2. Developments at the Evidentiary Hearing
The evidentiary hearing produced additional revelations that seriously tainted the Government's case.
(1) At the original trial, no evidence was produced about Madonia's prior arrest on June 27, 1969, and his informer role since that date. In the memorandum submitted to us by the Government on November 22, 1971, some disclosures were made for the first time, but we were assured that "no useful information was developed from" Madonia and that Madonia had been acting on his own on the narcotics transaction charged in the indictment and "gave no information" thereon against these appellants.
The evidence at the evidentiary hearing on the motion for new trial shows, however, that Madonia was an "important informer" for the Government from the date of his arrest on a different narcotics charge on June 27, 1969, to April 1971; that he received exempt status as an informer; that he was paid at least $700 for his services which was charged to this case on the Bureau's records. While the evidence at the evidentiary hearing does not affirmatively show that Madonia furnished information bearing directly on this case subsequent to its filing, that record does reveal that he tipped off Supervisor Vecchione about this very transaction and that his tips led to the arrests on July 1st and this prosecution. Indeed, on June 27, 1969, the very day of his first arrest, Madonia told Supervisor Vecchione of an expected meeting with Mele to transact a transfer of heroin. At that time Vecchione gave Madonia his and Agent O'Brien's telephone numbers so "he could call either one" in the event "something transpired [with Mele] over the weekend." On June 30 Vecchione again conferred with Madonia, and the latter advised of the anticipated meeting that night:
"Q. When you directed your agents to surveil, surveil Mr. Mele, at that time you knew or you had been told that Mele was to meet Madonia that evening; is that correct?
"A. I was told by Madonia that he would probably see Mr. Mele that evening.
"Q. And that was the purpose — and that is why you directed your agents to surveil Mele; isn't it?
* * * * * *
"A. It was one of the reasons."
The following day, Vecchione and Madonia had their third conference in five days on the facts leading up to this case. Assistant Regional Director Holtman of the Narcotics Bureau accompanied Vecchione to Madonia's home on this occasion. The chief prosecutor inquired of Vecchione concerning this meeting:
"Q. I now direct your attention to the date of July 1st; did you see or hear from Madonia that day?
"A. Yes, sir. Myself and my Supervisor went to see Mr. Madonia.
* * * * * *
"Q. Where did you see him?
"A. Staten Island.
"Q. Did you have a conversation with him?
"A. Yes, sir. I approached him. I asked him what was doing? He said, `Nothing.' I said, `When do you plan on seeing Angelo Mele? He said, `Probably tonight.'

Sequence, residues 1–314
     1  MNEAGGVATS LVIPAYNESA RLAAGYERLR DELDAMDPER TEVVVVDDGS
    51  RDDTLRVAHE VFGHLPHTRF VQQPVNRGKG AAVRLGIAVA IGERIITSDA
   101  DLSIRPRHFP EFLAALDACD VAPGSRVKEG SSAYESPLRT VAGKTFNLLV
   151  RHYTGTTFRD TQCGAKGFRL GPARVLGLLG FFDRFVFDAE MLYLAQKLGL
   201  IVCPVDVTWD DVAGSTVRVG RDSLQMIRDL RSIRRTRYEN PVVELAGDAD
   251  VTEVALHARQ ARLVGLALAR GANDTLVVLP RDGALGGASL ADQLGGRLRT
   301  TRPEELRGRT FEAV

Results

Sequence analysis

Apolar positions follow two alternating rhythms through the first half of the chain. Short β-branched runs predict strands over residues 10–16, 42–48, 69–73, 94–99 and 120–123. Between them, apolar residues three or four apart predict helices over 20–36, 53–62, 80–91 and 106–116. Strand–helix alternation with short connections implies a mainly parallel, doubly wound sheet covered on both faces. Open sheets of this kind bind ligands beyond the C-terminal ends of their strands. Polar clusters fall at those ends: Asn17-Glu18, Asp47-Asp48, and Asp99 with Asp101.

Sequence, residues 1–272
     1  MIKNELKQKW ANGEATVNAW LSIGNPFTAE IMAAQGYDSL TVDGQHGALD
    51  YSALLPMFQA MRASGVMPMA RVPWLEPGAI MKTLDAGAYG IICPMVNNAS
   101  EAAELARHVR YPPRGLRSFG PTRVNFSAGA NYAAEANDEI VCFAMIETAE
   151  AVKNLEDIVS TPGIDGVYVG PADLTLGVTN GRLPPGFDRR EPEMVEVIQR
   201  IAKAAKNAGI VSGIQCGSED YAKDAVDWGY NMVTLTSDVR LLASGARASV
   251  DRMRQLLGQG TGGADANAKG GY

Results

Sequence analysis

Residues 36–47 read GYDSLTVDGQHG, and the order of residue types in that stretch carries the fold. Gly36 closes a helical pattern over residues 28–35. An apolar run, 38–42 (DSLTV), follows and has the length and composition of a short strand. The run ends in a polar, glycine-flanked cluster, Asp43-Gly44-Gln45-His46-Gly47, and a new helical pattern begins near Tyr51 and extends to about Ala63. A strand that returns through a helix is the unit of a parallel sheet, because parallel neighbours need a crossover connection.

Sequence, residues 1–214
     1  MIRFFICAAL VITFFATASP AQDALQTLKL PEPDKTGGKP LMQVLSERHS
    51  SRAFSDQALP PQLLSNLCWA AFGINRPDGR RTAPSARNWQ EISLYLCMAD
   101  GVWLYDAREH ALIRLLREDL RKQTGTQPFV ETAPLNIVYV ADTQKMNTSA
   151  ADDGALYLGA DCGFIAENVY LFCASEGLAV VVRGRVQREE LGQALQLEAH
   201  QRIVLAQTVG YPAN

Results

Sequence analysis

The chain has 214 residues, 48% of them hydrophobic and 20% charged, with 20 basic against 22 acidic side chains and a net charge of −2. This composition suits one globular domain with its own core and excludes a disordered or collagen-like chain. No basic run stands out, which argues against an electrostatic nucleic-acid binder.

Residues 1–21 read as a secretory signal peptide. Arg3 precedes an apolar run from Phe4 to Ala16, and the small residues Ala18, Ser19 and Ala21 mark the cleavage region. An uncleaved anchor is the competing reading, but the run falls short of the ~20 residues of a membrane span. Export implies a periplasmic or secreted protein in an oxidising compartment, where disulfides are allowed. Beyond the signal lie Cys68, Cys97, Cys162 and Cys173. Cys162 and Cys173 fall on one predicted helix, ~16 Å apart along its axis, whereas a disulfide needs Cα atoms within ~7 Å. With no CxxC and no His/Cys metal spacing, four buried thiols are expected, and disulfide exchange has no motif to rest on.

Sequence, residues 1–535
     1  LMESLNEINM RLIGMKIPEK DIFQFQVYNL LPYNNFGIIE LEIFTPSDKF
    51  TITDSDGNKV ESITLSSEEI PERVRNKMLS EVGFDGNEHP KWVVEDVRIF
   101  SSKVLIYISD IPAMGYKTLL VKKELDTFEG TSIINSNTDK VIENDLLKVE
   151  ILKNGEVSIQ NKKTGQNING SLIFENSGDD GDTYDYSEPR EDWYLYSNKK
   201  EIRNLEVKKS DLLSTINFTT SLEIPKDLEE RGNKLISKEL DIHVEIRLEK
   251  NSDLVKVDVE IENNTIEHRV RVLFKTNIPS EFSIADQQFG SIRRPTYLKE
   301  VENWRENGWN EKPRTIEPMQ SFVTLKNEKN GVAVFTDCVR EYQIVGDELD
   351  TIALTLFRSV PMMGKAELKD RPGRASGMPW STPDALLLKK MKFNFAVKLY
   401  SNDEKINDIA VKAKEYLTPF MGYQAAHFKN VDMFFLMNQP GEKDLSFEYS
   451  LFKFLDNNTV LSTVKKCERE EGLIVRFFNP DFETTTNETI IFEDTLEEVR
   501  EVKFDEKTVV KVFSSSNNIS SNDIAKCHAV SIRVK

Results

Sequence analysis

"Q. Did Madonia tell you on that occasion that he, in fact, had seen Mele that night before in the Pussycat Cafe?
* * * * * *
"Q. As a result of that conversation with Madonia, what, if anything, did you do?
"A. I went to a telephone booth which was located near a diner on Highland Boulevard and Clo Road and we called the State Troopers.
* * * * * *
"Q. What did you tell or request of the troopers when you called on July 1st?
"A. To surveil Mr. Madonia.
"Q. Did you tell them where he might be found, and so on?
"A. Yes, there were other agents present there that joined the troopers. I completely stayed away from there because they knew me but they were briefed as to Madonia's residence, and then he was to be tailed.
"Q. Did you tell the state police that you expected a delivery to be made?
After his arrest at his daughter's home about midnight July 1, 1969, Madonia voluntarily gave the arresting agents twenty-two kilograms of heroin that he had hidden under a bed in her home. However he was placed in jail under $100,000 bond until July 23 when he was released on $5,000 bond. The bail bonds of the remaining defendants were many times greater than Madonia's. Clearly, his low bond was because of his informer status, and this is buttressed by his continuing to inform. On July 28 Madonia contacted Supervisor Vecchione and offered "to surrender a quantity of heroin which he had in his possession and which he later stated was part of a 24-kilogram cache [22 kilograms of which he voluntarily surrendered at the time of arrest around midnight on July 1st] seized by Bureau of Narcotics and Dangerous Drugs on July 1, 1969 and July 2, 1969 in Brooklyn and Staten Island, New York." Vecchione advised Agents Kennedy and Caffrey of this offer and on July 28 Madonia voluntarily surrendered a package of heroin weighing 751.1 grams. On September 16, 1969, Madonia was registered by the Bureau as an "exempt informer" with the alias of Michael D. Arthur, the same name assigned to him on June 27, 1969. The records produced at the hearing on the motion for new trial include many narcotic agent reports concerning Madonia's cooperation as an informer. For example, Vecchione reported that Madonia "has been in constant contact with Angelo Mele since his arrest"; that Madonia told him that Mele has been since his arrest attempting another delivery so that "he can leave his family money before going to jail." Another report recited that Vecchione instructed Madonia "to maintain constant communication with Mele . . ." and a later one noted that Madonia was socializing with Mele on a regular basis and in a recent conversation Mele indicated that his "partners" had promised him a large amount of heroin by year end. This informer arrangement continued all during the trial with Madonia sitting each day at the defense table. Madonia and the appellants were convicted on March 16, 1971, and some two weeks later, on April 2, 1971, Supervisor Vecchione filed his report: